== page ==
The mayor held a town hall and you can be sure that for any criticism levied against him or his administration, he had someone else to blame and in a few occasions it was the audience. (Gothamist)

The NYPD arrested and charged Michael Hall with attempted murder, two counts of arson, one count of criminal possession of a dangerous weapon, two counts of attempted assault, one count of menacing and harassment in connection to a series of fires at the NYCHA complex, the Louis Pink Houses, that occurred over a span of six months. (Brooklyn Daily Eagle)

The city’s next great pastrami sandwich is from Hometown Bar-B-Que in Industry City. (Eater)

The 16 most exciting Caesar Salads in the city. (Grub Street)

The Briefly for November 8, 2019 – The “The Subway Psychic and El Bloombito Returns!” Weekend Edition

A push to lift the street vendor cap, the end of the food hall gold rush, the pumpkin smasher arrested, the Rockefeller Center tree is on its way, and more in today’s daily NYC news digest.

Just as your schedule is really getting busy, here comes a weekend of heavy subway disruptions. (Subway Weekender)

Finding Keano, New York’s most elusive subway psychic. (NY Times)

Monday is Veterans Day, here is what will be closed as a result of either the holiday or the Fifth Avenue parade. (Patch)

The return of El Bloombito!!! (@ElBloombito)

Have you ever heard Mayor Bloomberg try to speak Spanish? Then you’ll understand why Rachel Figueroa-Levin’s Twitter parody account exists. (Salon)

Mayor Bloomberg’s possible announcement that he will be joining the Democratic presidential candidates can mean one thing. (Patch)

5 NYC buildings that changed American history. (NY Times)

There are an estimated 20,000 food and non-food street vendors in the city, but the number of permits has been capped at 5,100 since the 1980s. State Senator Jessica Ramos wants to bring the city’s rules about street vendors into the 21st century. Her bill would lift the cap but also enforce the rules and permitting on everyone and allow municipalities to decide where vendors could and couldn’t set up shop. (Gothamist)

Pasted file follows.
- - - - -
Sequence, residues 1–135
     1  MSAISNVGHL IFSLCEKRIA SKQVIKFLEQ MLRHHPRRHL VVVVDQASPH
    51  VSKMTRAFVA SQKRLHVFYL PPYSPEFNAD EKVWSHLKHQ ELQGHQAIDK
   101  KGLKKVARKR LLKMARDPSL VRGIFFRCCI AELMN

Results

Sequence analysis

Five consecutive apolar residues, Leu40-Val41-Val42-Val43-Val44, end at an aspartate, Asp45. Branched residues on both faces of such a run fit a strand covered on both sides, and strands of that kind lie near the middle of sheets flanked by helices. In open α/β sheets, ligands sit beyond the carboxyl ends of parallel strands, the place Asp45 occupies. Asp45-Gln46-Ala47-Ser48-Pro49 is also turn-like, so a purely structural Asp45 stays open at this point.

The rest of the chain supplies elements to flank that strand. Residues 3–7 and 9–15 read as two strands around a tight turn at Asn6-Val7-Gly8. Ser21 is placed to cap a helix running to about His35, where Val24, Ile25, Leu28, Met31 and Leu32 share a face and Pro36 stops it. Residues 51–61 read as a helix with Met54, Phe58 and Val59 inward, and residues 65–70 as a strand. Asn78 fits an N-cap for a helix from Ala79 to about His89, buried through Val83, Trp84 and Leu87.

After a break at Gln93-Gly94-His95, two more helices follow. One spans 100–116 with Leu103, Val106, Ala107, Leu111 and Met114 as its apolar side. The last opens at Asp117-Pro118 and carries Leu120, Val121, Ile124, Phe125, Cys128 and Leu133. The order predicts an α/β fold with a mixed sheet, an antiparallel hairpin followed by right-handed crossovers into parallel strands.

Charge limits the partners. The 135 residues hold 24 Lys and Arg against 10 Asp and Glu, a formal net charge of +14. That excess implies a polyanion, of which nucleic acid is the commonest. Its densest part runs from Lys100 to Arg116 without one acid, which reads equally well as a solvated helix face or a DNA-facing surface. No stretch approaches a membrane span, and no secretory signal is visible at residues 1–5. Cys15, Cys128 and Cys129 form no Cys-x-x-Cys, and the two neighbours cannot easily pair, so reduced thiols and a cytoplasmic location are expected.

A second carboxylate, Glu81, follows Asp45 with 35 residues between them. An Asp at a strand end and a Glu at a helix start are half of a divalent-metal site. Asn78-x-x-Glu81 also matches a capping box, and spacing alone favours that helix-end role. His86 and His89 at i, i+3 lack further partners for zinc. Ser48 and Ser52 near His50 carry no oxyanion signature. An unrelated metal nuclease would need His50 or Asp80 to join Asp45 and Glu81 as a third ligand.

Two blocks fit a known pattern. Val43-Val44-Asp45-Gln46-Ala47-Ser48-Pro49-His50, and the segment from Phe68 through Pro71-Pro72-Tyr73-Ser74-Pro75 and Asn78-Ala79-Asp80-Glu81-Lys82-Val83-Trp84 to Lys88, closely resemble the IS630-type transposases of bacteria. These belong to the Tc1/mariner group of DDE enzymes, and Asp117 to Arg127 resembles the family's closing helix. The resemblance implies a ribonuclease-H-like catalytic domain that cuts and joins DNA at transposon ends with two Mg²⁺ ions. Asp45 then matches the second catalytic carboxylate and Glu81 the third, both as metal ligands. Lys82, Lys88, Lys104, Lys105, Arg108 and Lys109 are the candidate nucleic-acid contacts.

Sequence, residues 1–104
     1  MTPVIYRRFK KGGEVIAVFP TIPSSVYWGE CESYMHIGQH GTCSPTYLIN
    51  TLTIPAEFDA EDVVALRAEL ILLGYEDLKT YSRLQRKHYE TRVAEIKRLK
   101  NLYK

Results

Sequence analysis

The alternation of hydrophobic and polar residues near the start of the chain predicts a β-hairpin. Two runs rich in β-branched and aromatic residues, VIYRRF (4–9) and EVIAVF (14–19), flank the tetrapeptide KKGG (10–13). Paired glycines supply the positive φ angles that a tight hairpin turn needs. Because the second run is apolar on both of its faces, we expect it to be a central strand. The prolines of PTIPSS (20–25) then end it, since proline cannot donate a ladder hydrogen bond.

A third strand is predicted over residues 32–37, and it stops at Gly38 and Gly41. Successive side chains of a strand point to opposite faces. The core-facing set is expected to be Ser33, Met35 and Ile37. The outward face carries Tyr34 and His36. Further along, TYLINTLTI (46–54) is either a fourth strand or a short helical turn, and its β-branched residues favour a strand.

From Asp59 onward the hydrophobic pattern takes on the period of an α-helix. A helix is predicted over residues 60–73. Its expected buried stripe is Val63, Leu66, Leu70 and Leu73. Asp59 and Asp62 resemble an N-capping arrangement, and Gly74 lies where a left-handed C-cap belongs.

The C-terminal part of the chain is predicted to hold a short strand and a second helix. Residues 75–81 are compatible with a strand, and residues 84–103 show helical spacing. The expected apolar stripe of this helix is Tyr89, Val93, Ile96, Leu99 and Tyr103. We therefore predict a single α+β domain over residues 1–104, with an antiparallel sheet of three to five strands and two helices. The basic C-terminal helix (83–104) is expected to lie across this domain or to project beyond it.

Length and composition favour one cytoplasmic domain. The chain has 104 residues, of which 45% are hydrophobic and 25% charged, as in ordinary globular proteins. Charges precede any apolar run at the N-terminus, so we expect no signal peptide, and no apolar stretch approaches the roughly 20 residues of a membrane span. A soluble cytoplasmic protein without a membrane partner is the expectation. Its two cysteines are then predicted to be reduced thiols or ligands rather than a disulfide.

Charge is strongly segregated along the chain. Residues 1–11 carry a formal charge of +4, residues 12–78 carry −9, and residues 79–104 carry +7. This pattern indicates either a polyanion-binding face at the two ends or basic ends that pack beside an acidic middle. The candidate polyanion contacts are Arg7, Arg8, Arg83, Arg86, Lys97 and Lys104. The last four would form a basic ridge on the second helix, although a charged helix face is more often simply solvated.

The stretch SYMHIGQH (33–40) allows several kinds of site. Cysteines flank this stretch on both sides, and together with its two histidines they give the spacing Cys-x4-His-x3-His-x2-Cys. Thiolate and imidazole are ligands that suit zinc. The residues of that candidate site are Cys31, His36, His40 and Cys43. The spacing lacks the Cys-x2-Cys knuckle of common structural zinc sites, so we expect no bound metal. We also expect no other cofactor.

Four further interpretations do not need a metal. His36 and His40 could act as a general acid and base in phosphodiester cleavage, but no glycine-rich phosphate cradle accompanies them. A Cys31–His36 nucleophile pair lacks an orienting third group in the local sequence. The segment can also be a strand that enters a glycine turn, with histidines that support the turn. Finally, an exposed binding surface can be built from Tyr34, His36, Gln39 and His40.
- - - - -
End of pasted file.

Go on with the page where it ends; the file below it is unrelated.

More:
Five reasons to lift the street vendor cap. (Grub Street)

Apartment Porn: Twelve bathrooms, an indoor pool, eleven thousand square feet, a glass elevator, six floors, a theater, glassed garage, and the former home of Lady Gaga. All yours for $18 million. (StreetEasy)

Going deep with Jacqueline Novak on the success and bringing her show ‘Get On Your Knees’ back to Off-Broadway. (Gothamist)

Bumper. Cars. On. Ice. (amNewYork)

Photos: Inside Flushing’s Hindu temple, completed in 1977, which possibly makes it the first in the country. (Gothamist)

Saturday marks the 30th anniversary of the fall of the Berlin Wall. Here is where you can see pieces of the wall in the city. (6sqft)

You can either go to FAO Schwarz, or you can book the $3,000/night suite at the Conrad New York Midtown, which is filled with FAO Schwarz toys where you can order toy room service and get a private shopping tour of the store. (6sqft)

Where to eat or order Thanksgiving dinner in NYC. (Grub Street)

The idiot who jumped into the lion’s enclosure at the Bronx Zoo was arrested on Wednesday night. Myah Autry faces two charges of criminal trespass and turned herself in. (Patch)

If the Hot Duck has taught us anything, it’s that bird watching in the city is cool again. Photos of the hawks on Governors Island. (Laura Goggin Photography)

“Brutal” and “uncomfortable to watch.” Tina: The Tina Turner Musical is not getting the highest of praise. (amNewYork)

The Bay Ridge pumpkin smasher has been arrested. He was pulled over for a tail light and the NYPD allegedly also found cocaine in his car. (Brooklyn Daily Eagle)

The National Transportation Safety Board issued a series of recommendations to increase bike safety in the US, but the only one people are focusing on is mandatory helmets. A mandatory helmet law would effectively kill all bike sharing programs in the city, but the mayor would rather tell all cyclists to wear helmets than fix the roads to make them safer for everyone. (Gothamist)

Earlier in the week I poked fun at how many food halls are opening across the city, but there are some early indicators that the “gold rush” over food halls is ending. (Eater)

The Rockefeller Center Christmas tree is cut and on its way to the city. It should be arriving on a flatbed on Saturday. (Untapped New York)

10 NYC residential buildings with the best amenities for dogs. (6sqft)

The Met Gala theme for 2020 is conceptual at best and straight up confusing at worst. About Time: Fashion and Duration? Yup. (Gothamist)

The court battle over control of WBAI is ongoing but the station has returned local programming to the airwaves. (Patch)

The sudden appearance of an armored ICE vehicle on a residential street sparked panic in Ridgewood on Thursday. Turns out it wasn’t a random immigration arrest, but part of a federal investigation into someone hoarding about 50 guns including a machine gun, gun parts, and ammunition. (Gothamist)